Monday, 19 May, 2004
Football is a sport that is often charged with emotion and attached great meaning. Testimonial games rarely hold such gravitas.
However, that did not hold true for Danny Wallace’s benefit game on Monday night at Southampton’s St. Mary’s Stadium, where emotion and meaning were at the centre of the occasion.
Wallace, renowned for his electrifying pace up and down the wing, suffers from Multiple Sclerosis and even a few short steps have now become a struggle. Yet, sharply attired and with a broad, beaming smile, he walked onto the pitch, with the aid of a cane, before the match. The crowd, totalling 13,434, may have been sparser than the occasion deserved, but the reception for the Saints’ legend was a rousing one. It was eclipsed only by the ovation for Wallace after the game, where the hair-raising chant of “There’s only one Danny Wallace” brought the old number 11 to tears. Wallace, shunning his cane, applauded all four sides of the ground, before saying: “I am completely overwhelmed. You have made my day.”
The dignity held by Wallace in the face of such a cruel handicap is not only inspirational, but is indicative of a man who has always carried his name and reputation with great pride. The calibre of players that descended on the stadium for the game and the tributes that had poured into the programme notes, from giants of the game such as Sir Alex Ferguson, provided testament to the character of Wallace. Thankfully, he has been told that it is 99.9% certain that his condition will not get any worse, although that still does little to make the situation any less sad.
Wallace has a number of career highlights. He made his professional debut at Old Trafford in a Southampton shirt at the age of just 16 years 314 days, which was the scene of his famous Match of the Day post-game interview, where he received a clip round the ear from manager Lawrie McMenemy for referring to him by his first name rather than as “the boss”. He also scored one of the most magnificent goals ever produced by a Saints player, with a Goal of the Season winning overhead kick against Liverpool in March 1984. In 1986, winning his only England cap, he scored in a 1-1 draw with Egypt. Then, in 1988 against Sheffield Wednesday, he became one of the only set of three brothers in the modern era, along with Rodney and Ray, to play for the same team in the same game. Wallace’s dream transfer then came in September 1989 when Alex Ferguson signed him for Manchester United in a £1.2 million deal, eventually resulting in winners’ medals in both the FA Cup and the Cup Winners’ Cup. He can now add his emotional testimonial game of May 2004 to the already impressive above list.
The game between a Saints XI and an All-Star XI, managed by Lawrie McMenemy, ended 2-2, featuring a host of former Southampton and Manchester United stars and other friends of Danny, such as Viv Anderson, Paul Ince, Gordon Strachan, Matthew Le Tissier, Luther Blissett, Jimmy Case and many, many others. Such a vast number of football greats do not just turn up for anyone.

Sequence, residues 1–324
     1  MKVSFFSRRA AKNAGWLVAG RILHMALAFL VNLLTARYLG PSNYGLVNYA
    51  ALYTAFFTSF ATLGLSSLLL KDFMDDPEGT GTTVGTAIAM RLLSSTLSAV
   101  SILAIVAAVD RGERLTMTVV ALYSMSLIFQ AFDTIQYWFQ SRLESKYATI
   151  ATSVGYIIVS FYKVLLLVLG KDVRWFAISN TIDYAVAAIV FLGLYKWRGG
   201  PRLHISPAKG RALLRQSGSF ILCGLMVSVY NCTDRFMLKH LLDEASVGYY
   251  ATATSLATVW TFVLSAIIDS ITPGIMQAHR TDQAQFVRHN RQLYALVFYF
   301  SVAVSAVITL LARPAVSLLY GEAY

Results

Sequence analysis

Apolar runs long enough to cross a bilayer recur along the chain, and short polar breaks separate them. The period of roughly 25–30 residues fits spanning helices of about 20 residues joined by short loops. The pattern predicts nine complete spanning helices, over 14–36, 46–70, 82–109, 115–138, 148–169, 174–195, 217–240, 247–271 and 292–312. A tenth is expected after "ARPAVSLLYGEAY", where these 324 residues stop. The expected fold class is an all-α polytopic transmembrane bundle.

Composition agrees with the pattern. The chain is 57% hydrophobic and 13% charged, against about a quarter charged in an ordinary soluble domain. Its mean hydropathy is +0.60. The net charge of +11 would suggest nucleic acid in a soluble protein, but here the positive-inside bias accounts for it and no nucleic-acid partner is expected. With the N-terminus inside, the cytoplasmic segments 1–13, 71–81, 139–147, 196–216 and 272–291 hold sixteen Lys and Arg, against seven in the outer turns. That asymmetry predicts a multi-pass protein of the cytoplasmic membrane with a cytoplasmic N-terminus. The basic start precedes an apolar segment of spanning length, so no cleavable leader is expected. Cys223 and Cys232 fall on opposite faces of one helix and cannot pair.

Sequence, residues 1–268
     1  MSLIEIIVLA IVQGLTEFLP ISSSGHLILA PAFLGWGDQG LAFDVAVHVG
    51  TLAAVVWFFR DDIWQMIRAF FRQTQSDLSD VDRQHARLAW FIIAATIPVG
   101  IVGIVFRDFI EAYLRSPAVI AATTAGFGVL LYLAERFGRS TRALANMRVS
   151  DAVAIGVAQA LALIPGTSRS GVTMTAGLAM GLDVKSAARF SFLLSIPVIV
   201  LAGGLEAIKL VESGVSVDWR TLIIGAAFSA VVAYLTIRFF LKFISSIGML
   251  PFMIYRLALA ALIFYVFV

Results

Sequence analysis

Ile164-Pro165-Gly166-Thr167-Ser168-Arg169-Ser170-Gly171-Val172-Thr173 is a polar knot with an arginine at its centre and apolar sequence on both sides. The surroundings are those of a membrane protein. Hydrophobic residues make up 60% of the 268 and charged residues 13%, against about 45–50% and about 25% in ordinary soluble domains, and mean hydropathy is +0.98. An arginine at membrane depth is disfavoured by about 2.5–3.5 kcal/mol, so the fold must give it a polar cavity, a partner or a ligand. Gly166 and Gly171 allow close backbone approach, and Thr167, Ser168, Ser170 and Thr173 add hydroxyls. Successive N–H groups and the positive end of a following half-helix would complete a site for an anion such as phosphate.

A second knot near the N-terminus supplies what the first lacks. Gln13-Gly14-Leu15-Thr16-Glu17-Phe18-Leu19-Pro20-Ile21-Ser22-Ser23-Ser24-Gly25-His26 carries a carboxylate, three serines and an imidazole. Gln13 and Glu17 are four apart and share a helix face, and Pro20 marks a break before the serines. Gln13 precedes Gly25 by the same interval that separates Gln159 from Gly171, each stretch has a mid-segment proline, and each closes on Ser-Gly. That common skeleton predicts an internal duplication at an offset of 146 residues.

Exactly a year ago on Monday, Southampton played in the FA Cup Final in front of 73,726 people, but perhaps the 13,434 present at St. Mary’s one year later witnessed an occasion of even greater emotion and meaning. For Danny Wallace that is likely the case: “It was a very special night for me and one I will treasure forever. It brought a lump to my throat when they chanted my name and that will stay with me forever.”
Hopefully Monday night’s legend-filled game will have gone some way to easing the pain slightly for Danny and all of the other MS sufferers it will benefit. It was certainly a marvellous occasion for a true legend.
Copyright © 2004, Wessex Scene
Monday, 17 May, 2004
Ex-football players and fans are turning out to support a former star now suffering from a crippling illness.
Former Southampton and Manchester United player Danny Wallace was struck down with multiple sclerosis after a 15-year playing career.
When Southampton FC announced it was to hold a testimonial match for him they were inundated with offers from former players to take part in the game.
The match sees a team of former players take on the current Southampton squad.
Testimonial matches are usually given for players who have been at the same club for more than ten years, to reward their loyalty.
Danny Wallace's brothers, Rod and Ray, will be joined by former Southampton and Manchester United players such as Matt Le Tissier, Paul Ince, Jimmy Case and John Barnes.
Laurie McMenemy, manager of Southampton for their 1976 FA cup win and the man who first brought Wallace to the club, said this was "a testimonial in the true sense of the word".
"Testimonials have lost their value because players are paid so much nowadays, and they can go on to other things," he told BBC News Online.
"Danny's different because he played when wages weren't so high and his work prospects are limited now."
He said Wallace had served the club for 12 years, two-and-a-half as a trainee and nine as a professional.
"He was a very popular player at the club, as a winger you're close to the crowd and they either love you or hate you, he had an infectious smile and people loved that.
"It's a game blessed with fitness so to see a lad struck down with such a disease - it's very sad."
Danny Wallace said: "I am very grateful too for the positive response from the club and all the players. The attitude has been tremendous and the chairman has been fantastic.
"He was not here when I was at the club but I am very grateful for his
support and for giving me the chance to say a proper goodbye and thank
you to the fans."
Copyright © 2004, BBC